Ozone hazards


Typical adsorption poUution appHcations have included odor control in food processing (qv) odor and solvent control in chemical and manufacturing processes such as paints and coating operations, pulp and paper manufacture, and tanneries odor control from foundries and animal laboratories and radioactive gas control in the nuclear industry. Additionally, small carbon-fiHed canisters have been mandated on U.S. automobiles in recent years to reduce evaporative fuel emissions from gasoline engines. Similar adsorption equipment is used to control vapor emissions from fuel-tank filling in states requiring this type of control because of noncompHance with ozone NAAQS regulations. An increasing emphasis on the control of toxic and hazardous organic vapor emissions as presented in the Clean Air Act of 1990, should mean an increase in adsorption appHcations for air poUution  [c.388]

Because of the potential hazards on its exposure to oxygen, isoprene should be stored in an inert atmosphere (nitrogen) in the presence of at least 50 ppm of /-butylcatechol. Because the inhibitor is slowly consumed during storage, it is advisable to analyze the isoprene periodically and to add more inhibitor as needed. Before use it should be flash distilled to remove dimer and inhibitor. In industrial use, inhibitor is often removed by a caustic wash. A dangerous reaction of isoprene with ozone has been reported (126) when one gram of isoprene that was diluted with 50 mL of / -heptane was treated with ozone at -78°C, the resulting product exploded shortly after being removed from the cooling bath however, the product of a similar reaction that was carried out at room temperature did not explode. On storage, isoprene forms cycHc dimers at a slow rate which is not affected by the presence of an inhibitor (35).  [c.469]

Although sprays are useful ia numerous commercial applications, they may create some serious environmental problems because of iaefficient atomization or through misuse. For example, there is a growing concern over poUutant emissions from aircraft and automotive engines that utilize atomizers. PoUutants from engines iaclude carbon monoxide, unbumed hydrocarbons, oxides of nitrogen, and smoke. These poUutants can cause photochemical smog, depletion of the ozone layer, acid rain, and other conditions harmful to human life. Atmospheric poUution may also occur ia spray painting and coating processes. Devices used to atomize solvents and coating formulations must be designed to meet air poUution standards. Because of the potential problems associated with sprays, it has become increasingly important to understand the process of atomization. Liquid atomizers must be properly designed and selected to minimize uimecessary hazards.  [c.327]

Work with asbestos insulating board (superseded by EH 71j Ozone health hazards and precautionary measures Occupational exposure limits (annual)  [c.573]

Plasma spray. Each one of the above treatments for steel adherends has some drawbacks. The chemicals used for solvent cleaning are hazardous and ozone depleting, the effectiveness of etches often depends in unpredictable ways on the underlying microstructure, grit-blasting is ineffective beeause it provides no corrosion protection, and conversion coatings tend to exhibit strengths (in the coating) that are somewhat less than desirable. To overcome these difficulties some recent studies have focused on developing plasma spray coatings as a surface treatment for steels [155-157]. This type of surface treatment has been used extensively to provide improved wear resistance, thermal barriers (for turbine blades), corrosion resistance, etc., in many industrial applications. For adhesive bonding, the prospect of being able to apply a coating having superior corrosion resistance than the underlying steel adherend, while at the same time exhibiting controlled roughness and porosity to improve mechanical interlocking, provided the incentive for the studies.  [c.991]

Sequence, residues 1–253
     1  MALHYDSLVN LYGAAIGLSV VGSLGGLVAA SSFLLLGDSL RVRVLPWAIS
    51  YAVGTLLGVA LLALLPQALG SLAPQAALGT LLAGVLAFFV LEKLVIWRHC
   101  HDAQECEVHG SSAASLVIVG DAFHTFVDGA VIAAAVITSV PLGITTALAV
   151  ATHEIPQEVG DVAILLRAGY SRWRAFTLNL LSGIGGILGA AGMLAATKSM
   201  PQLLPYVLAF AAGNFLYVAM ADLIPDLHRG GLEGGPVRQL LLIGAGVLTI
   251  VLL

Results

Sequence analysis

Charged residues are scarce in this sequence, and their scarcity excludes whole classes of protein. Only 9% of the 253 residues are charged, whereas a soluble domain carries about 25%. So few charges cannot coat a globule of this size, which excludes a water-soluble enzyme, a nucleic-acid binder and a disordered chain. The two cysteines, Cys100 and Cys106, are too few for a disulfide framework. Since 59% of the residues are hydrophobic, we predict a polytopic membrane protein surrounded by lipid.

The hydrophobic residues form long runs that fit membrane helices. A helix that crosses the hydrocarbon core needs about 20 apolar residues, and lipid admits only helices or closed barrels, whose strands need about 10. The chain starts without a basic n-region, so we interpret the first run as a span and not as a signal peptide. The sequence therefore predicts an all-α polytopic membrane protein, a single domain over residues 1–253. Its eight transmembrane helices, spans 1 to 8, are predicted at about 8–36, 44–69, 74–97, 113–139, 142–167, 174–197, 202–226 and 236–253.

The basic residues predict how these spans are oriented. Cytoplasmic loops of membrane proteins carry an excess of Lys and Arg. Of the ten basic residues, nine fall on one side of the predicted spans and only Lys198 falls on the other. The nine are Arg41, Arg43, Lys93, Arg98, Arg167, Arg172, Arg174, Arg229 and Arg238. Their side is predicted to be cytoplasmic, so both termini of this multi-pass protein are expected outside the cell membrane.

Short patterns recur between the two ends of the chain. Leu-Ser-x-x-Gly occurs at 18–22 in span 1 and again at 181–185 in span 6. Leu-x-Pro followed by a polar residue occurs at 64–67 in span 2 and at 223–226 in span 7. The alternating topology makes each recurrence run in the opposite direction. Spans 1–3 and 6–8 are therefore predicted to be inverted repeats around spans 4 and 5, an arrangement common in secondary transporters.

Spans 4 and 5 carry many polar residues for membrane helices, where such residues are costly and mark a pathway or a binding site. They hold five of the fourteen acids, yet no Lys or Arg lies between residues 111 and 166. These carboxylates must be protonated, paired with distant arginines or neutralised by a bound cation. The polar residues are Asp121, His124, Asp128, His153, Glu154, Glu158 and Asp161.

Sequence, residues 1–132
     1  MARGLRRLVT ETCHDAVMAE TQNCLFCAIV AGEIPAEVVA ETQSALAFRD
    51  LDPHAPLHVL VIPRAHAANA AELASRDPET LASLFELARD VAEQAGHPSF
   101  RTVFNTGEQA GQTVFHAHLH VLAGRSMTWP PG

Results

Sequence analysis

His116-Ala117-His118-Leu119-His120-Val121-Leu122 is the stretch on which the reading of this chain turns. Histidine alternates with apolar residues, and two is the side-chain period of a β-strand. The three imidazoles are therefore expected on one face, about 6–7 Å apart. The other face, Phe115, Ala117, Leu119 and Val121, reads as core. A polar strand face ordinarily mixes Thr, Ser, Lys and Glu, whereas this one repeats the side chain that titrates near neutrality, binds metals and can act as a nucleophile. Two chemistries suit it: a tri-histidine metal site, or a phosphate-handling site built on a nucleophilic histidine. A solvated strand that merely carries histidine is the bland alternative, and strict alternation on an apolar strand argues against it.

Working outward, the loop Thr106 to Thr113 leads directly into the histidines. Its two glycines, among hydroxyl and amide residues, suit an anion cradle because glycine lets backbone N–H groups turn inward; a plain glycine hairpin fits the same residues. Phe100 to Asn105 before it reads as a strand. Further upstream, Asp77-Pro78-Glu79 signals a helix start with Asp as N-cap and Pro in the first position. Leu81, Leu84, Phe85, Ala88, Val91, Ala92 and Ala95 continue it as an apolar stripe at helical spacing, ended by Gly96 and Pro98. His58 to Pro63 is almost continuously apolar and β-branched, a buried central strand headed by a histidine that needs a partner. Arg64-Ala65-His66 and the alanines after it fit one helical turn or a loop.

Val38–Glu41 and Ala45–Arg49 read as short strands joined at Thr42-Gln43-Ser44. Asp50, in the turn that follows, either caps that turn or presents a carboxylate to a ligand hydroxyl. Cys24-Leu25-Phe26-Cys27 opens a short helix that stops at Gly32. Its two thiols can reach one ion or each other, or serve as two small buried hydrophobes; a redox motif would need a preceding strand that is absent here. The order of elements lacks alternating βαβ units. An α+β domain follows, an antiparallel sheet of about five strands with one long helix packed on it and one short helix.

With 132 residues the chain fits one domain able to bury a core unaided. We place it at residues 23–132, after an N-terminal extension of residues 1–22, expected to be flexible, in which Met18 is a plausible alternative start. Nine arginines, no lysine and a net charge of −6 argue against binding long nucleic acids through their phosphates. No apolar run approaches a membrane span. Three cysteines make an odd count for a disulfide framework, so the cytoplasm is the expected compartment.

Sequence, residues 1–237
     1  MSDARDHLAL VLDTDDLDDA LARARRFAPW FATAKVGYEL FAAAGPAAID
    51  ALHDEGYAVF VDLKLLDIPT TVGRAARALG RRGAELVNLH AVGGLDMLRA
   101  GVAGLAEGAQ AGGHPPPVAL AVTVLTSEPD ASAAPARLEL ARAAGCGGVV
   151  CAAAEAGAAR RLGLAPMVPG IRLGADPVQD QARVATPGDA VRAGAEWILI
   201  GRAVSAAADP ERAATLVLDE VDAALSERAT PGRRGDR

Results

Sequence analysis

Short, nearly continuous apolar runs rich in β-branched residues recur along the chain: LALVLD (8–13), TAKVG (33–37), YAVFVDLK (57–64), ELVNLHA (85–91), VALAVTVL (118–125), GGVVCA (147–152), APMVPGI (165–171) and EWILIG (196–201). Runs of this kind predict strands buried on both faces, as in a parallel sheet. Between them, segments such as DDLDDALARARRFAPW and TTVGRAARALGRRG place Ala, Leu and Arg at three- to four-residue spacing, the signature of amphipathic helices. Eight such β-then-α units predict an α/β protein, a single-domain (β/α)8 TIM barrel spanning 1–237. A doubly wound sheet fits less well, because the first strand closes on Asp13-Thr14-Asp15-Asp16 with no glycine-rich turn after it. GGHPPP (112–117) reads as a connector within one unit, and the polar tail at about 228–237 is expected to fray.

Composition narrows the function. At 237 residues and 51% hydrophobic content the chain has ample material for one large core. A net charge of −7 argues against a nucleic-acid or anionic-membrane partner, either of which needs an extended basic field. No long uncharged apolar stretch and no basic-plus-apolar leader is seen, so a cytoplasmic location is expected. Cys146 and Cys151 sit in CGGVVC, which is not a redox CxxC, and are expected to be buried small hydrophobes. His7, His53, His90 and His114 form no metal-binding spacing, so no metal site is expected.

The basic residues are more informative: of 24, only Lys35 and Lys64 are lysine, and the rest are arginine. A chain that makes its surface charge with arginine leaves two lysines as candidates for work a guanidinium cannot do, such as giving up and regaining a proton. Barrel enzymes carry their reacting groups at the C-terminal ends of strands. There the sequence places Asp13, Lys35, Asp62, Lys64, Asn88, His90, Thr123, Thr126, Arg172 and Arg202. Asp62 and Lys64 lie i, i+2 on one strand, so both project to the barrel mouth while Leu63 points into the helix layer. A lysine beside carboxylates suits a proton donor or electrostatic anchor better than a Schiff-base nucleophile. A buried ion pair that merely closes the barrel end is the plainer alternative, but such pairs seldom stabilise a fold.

Volatile Organic Compounds (VOC) organic compounds that vaporize readily and contribute to the development of ozone. Many VOCs are also hazardous air pollutants. See also reactive organic compounds.  [c.552]

Use of Chemical Disinfectants - The most common method of treating water for contamination is to use one of various chemical agents available. Among these are chlorine, bromine, iodine, potassium permanganate, copper and silver ions, alkalis, acids and ozone. Bromine is an oxidizing agent that has been used quite successfully in the disinfecting of swimming pool waters. It is rated as a good germicidal agent. Bromine is easy to feed into water and is not hazardous to store. It apparently does not cause eye irritation among swimmers nor are its odors troublesome.  [c.46]

Tonnage of air emissions, water emissions and liquid and solid effluent and tonnage of hazardous materials released into the environment. These two measures are related to one another. However, the first measure relates the total effluent, including nonpolluting materials. The second measure looks only at the tonnage of hazardous materials contained in the total effluent. Both measures can be important indicators. For example, for solid waste it is important to know the total volume of material for disposal and different upstream treatment techniques may affect the total volume. However, for ozone depleting chemicals, only the quantity of these gases is important and other components such as water vapor may be irrelevant.  [c.126]